Nevertheless, the local markets in Asia are certainly developing and growing, aided by the weakness in the US dollar and the deterioration in US government finances, both of which are pushing investors to look for bond diversification across the globe.

Sovereign help

Experts like Mandeng believe that Asian sovereigns can help a great deal in encouraging that growth and fostering the right kind of environment for developing local currency bond markets, in particular by promoting the development of a yield curve that corporates can then use as a benchmark.

This has been happening in countries like the Philippines and Malaysia, where local currency sovereign bonds now have 30-year tenors.

“Twenty years ago, it would have been difficult to issue any paper with a tenor longer than 10 years in the Philippines,” says Teresa Kong, manager of Matthews International Capital Management’s Asia Strategic Income Fund. “But now, there’s quite a bit of a demand for longer-dated paper from local investors, and this is only set to continue as the middle class in many Asian countries continues to grow.”

Rise of the middle-class

Indeed, the growth of the middle class is probably the single most important factor in what Kong believes is a “one-way trend” with respect to local bond market development in Asia. As income levels continue to rise in many Asia countries, people’s lifestyles are changing and there’s an increasing need for consumer loans. And across Asia, the demand for products like mortgages and life insurance is also increasing, she says, and that means that banks, pension funds and life insurance companies need to invest in longer-dated paper in order to keep pace.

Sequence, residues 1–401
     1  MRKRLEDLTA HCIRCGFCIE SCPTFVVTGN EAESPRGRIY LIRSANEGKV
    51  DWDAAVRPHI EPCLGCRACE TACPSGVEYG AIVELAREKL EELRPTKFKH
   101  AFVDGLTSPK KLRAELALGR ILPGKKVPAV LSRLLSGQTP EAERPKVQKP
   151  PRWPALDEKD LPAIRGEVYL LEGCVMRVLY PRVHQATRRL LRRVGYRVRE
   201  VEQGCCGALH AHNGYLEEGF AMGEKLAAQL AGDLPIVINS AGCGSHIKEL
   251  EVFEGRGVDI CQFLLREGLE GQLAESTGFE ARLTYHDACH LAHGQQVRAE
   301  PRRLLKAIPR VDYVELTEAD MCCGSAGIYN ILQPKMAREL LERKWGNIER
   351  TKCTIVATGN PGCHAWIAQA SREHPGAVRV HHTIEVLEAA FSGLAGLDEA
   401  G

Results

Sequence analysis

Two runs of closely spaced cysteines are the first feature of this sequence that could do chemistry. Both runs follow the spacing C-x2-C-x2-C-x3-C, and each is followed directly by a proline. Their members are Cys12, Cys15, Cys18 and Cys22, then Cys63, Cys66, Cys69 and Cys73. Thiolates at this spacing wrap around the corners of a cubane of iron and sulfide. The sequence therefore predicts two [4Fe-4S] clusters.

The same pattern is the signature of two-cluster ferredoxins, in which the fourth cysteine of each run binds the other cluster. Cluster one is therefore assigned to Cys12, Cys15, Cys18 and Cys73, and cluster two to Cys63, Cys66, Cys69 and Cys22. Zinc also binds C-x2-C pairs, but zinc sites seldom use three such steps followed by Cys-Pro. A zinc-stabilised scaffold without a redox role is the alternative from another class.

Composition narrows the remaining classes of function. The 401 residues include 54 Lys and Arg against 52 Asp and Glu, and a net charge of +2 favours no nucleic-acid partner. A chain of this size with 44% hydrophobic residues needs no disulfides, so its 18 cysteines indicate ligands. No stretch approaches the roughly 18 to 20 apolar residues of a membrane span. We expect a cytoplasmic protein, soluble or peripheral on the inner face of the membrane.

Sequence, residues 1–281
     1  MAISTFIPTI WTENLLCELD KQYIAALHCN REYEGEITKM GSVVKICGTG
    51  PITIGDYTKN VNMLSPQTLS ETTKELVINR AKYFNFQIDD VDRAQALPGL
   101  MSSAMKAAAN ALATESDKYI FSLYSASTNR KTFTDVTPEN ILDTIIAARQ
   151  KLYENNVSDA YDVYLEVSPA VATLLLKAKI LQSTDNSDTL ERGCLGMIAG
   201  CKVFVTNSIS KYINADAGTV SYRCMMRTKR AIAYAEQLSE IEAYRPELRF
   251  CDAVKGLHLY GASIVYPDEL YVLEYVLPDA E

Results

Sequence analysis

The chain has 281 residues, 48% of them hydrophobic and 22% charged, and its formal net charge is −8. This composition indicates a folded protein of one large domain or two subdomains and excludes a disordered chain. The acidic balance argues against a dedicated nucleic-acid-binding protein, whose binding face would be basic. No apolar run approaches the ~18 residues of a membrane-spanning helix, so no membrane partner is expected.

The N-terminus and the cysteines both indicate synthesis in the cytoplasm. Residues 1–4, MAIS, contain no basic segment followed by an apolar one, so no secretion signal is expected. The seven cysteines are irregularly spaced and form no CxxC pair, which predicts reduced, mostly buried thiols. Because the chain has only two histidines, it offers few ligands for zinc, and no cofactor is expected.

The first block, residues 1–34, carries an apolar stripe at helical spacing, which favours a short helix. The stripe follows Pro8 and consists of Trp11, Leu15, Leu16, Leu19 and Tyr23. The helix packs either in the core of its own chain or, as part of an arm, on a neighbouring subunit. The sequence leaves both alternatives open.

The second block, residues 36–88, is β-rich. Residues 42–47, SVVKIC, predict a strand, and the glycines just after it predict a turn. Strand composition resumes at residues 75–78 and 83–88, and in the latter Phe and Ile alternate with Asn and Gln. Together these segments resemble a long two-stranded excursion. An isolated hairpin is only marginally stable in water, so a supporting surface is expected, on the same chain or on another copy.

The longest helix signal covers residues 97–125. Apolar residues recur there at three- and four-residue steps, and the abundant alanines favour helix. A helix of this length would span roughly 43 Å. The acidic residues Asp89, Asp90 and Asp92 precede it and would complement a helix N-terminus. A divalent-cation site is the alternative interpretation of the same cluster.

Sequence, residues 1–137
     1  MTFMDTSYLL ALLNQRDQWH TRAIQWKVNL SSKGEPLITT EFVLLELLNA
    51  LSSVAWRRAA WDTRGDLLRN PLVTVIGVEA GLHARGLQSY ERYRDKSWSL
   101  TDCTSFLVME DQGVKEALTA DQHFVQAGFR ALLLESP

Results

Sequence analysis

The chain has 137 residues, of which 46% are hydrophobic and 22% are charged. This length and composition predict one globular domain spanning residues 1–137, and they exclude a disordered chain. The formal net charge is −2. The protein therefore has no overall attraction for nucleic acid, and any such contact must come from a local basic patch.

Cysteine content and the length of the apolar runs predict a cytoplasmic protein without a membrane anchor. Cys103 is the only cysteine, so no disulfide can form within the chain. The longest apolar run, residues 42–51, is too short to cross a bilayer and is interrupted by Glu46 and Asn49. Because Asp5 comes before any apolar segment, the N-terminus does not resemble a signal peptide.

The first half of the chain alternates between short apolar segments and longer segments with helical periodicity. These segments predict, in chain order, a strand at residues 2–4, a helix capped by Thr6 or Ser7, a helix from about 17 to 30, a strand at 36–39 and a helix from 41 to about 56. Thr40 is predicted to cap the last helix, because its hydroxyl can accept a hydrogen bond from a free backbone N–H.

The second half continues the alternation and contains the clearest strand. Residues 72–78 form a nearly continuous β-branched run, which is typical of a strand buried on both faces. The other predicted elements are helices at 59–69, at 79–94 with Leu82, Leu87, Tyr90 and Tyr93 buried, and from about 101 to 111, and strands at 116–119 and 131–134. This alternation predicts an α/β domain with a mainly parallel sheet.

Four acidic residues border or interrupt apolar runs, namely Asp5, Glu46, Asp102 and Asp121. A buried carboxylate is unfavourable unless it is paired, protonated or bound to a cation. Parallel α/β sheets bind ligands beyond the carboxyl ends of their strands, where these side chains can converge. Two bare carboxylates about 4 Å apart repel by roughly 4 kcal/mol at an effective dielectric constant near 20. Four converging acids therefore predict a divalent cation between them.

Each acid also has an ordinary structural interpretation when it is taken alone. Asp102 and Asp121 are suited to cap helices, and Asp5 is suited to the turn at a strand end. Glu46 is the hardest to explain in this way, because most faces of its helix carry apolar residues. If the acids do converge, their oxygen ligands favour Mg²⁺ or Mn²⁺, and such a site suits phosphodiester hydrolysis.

High net-worth individuals in Asia are also playing a big role in fostering local bond market development, Kong says, and they’re particularly important in supporting a market like Singapore, which a growing number of Asian issuers are increasingly turning to as an alternative to the US dollar market.

Whereas in the past high net-worth individuals in Asia would prefer to keep their money in hard currency, there is now a noticeable move to favour local currency investments. And this has allowed borrowers to refinance US dollar debt in Singapore dollars. Global Logistics Properties, whose longest bond outstanding is denominated in Singapore dollars, and Hong Kong developer Shui On both did exactly that recently.

“Of course, high net-worth individuals are looking for ‘brand name’ companies that they don’t need to do due diligence on, but their interest in buying Singapore dollar-denominated bonds and tucking them into the portfolios means that more companies are encouraged to issue in Singapore dollars rather than US dollars,” Kong says. “In Singapore particularly, there’s a real appetite for longer duration assets from high net-worth individuals, and that’s where some companies like GLP can even issue perpetuals.”

Wot? No index?

But local investors, no matter how deep their pockets may be, are not enough for the continued development of the local currency bond markets in Asia. According to Mandeng, foreign investment is also key to growth, and the fact that as yet there isn’t a major local currency corporate debt index for Asia is a big deterrent for foreign investors. As much as regulation in individual countries is important, and to the extent that local banks are encouraged or discouraged to hold corporate debt, “foreign investors play an important role and must be encouraged to play a role in local debt markets,” he says.

Overall, in an environment of very low growth in the US, Europe and Japan, Asian countries are certainly attractive to foreign investors as a result of their high growth rates and higher yields. And whereas the US, Europe and Japan would like to see their currencies weaken to help their economies recover, Asian economies can handle a gradual appreciation of their currencies, De Mello says, and this in turn will help investors in Asian local currency bonds.